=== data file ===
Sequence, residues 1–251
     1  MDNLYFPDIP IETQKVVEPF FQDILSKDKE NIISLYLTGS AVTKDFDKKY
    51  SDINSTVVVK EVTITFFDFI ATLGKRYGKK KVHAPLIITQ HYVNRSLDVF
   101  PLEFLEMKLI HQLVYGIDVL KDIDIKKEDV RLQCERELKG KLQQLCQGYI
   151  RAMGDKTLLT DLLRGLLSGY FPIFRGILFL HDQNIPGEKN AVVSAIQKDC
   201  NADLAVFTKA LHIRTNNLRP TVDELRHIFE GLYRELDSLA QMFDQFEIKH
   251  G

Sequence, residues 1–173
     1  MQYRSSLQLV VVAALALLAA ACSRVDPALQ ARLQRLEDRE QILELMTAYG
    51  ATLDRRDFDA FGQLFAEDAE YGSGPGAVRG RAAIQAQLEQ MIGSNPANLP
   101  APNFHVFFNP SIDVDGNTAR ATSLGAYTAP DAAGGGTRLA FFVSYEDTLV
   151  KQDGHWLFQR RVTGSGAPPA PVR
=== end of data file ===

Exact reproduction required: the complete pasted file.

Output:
Sequence, residues 1–251
     1  MDNLYFPDIP IETQKVVEPF FQDILSKDKE NIISLYLTGS AVTKDFDKKY
    51  SDINSTVVVK EVTITFFDFI ATLGKRYGKK KVHAPLIITQ HYVNRSLDVF
   101  PLEFLEMKLI HQLVYGIDVL KDIDIKKEDV RLQCERELKG KLQQLCQGYI
   151  RAMGDKTLLT DLLRGLLSGY FPIFRGILFL HDQNIPGEKN AVVSAIQKDC
   201  NADLAVFTKA LHIRTNNLRP TVDELRHIFE GLYRELDSLA QMFDQFEIKH
   251  G

Sequence, residues 1–173
     1  MQYRSSLQLV VVAALALLAA ACSRVDPALQ ARLQRLEDRE QILELMTAYG
    51  ATLDRRDFDA FGQLFAEDAE YGSGPGAVRG RAAIQAQLEQ MIGSNPANLP
   101  APNFHVFFNP SIDVDGNTAR ATSLGAYTAP DAAGGGTRLA FFVSYEDTLV
   151  KQDGHWLFQR RVTGSGAPPA PVR